Letters to the editor

Nov. 13, 2013 @ 10:51 AM

Stop ‘birther’ nonsense

A 2012 epic speech by Rafael Cruz that recently aired on MSNBC reminded me that the birthers  made the wrong turn when they came to a certain political fork (talking point) in the road: They took the right (red) road rather than the yellow brick road on the left. 

Of course, the road on the right led to Kenya, President Obama’s father’s country of birth.  But the “yellow brick road” on the left -- some believe -- went to  Kansas, the birth state of Obama’s mother. 

If the birthplace of one’s father is the determining factor of the son’s birth then the same logic would dictate that Ted Cruz should be a Cuban citizen (or one could argue Canadian) rather than American.  To continue this birthers nonsense after it has been exposed for what it is -- ill-conceived, a totally false conspiracy theory of dubious merit, void of reason, and as weak as water -- is downright ‘trite”. Now, I am not one to yell trite (racism) until trite has actually been served but, sadly, the birthers continue to give me reason to yell “trite”.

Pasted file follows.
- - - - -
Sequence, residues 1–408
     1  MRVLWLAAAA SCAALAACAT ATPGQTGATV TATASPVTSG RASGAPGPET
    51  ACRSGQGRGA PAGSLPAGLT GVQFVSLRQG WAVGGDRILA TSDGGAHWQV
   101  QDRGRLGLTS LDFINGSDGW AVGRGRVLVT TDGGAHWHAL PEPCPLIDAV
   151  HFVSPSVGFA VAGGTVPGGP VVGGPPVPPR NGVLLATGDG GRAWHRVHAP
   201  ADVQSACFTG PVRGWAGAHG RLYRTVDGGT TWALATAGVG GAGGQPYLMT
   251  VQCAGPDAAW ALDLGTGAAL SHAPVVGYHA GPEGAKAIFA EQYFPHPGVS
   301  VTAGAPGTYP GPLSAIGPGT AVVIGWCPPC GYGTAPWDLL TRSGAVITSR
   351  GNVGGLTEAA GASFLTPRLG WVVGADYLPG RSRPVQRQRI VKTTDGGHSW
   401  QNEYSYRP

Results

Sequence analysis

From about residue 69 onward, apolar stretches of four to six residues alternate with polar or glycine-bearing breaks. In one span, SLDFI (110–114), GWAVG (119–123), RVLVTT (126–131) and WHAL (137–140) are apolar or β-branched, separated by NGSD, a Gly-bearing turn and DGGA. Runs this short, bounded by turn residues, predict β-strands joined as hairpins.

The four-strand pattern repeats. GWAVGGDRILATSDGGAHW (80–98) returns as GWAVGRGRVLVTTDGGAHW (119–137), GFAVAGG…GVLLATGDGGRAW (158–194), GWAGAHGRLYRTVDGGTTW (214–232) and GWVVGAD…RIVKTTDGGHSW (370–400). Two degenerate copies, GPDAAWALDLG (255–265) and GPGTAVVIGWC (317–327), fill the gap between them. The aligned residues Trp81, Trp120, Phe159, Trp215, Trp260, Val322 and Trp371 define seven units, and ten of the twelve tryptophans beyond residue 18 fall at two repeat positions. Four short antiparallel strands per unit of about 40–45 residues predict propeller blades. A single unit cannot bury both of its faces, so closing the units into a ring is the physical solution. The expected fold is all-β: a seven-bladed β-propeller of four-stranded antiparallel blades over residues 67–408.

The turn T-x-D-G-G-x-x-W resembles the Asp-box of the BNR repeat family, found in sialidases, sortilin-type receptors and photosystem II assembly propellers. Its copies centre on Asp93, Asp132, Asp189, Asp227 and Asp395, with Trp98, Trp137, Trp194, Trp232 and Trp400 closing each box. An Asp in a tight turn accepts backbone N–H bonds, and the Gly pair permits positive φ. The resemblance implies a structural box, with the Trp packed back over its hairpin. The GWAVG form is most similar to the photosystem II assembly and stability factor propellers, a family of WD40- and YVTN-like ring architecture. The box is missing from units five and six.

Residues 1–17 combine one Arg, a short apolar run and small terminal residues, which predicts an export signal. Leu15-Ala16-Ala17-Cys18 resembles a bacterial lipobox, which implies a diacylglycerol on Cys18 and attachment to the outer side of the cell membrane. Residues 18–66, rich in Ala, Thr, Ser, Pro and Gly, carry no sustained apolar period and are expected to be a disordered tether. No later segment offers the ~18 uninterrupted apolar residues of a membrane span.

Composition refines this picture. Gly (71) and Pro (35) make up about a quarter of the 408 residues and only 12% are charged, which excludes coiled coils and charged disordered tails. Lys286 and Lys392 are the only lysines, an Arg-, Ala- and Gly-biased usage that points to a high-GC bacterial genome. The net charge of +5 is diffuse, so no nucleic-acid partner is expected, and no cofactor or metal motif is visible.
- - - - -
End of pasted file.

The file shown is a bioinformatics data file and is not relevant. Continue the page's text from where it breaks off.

Hopefully, once the birthers theorists reflect upon the logical consequences of the reasoning posed here they will stop this nonsense and concentrate their efforts on more meaningful productive issues that will befit all Americans.

William T. Fletcher

Hearing supports carbon emission standards

October 29  was the anniversary of the Super Storm Sandy and a poignant reminder that if we do not dramatically reduce global warming pollution, storms like Sandy will become the norm.

Therefore, it was very fitting that Environment North Carolina held a citizen’s hearing in the Durham County Main Library for members of the community to voice their support for the Environmental Protection Agency’s new standards on carbon emissions from new power plants.

As a member of the next generation that will have to deal with this profound problem, it was gratifying to hear an overwhelming agreement that America needs to change how it uses energy. Community members support the EPA’s new limits on carbon pollution to help stop global warming because of grave concerns about their safety and the possibility that extreme weather could become more frequent and severe.

As I said in my statement, we need to limit pollution now for the safety and health of future generations.

Sara Price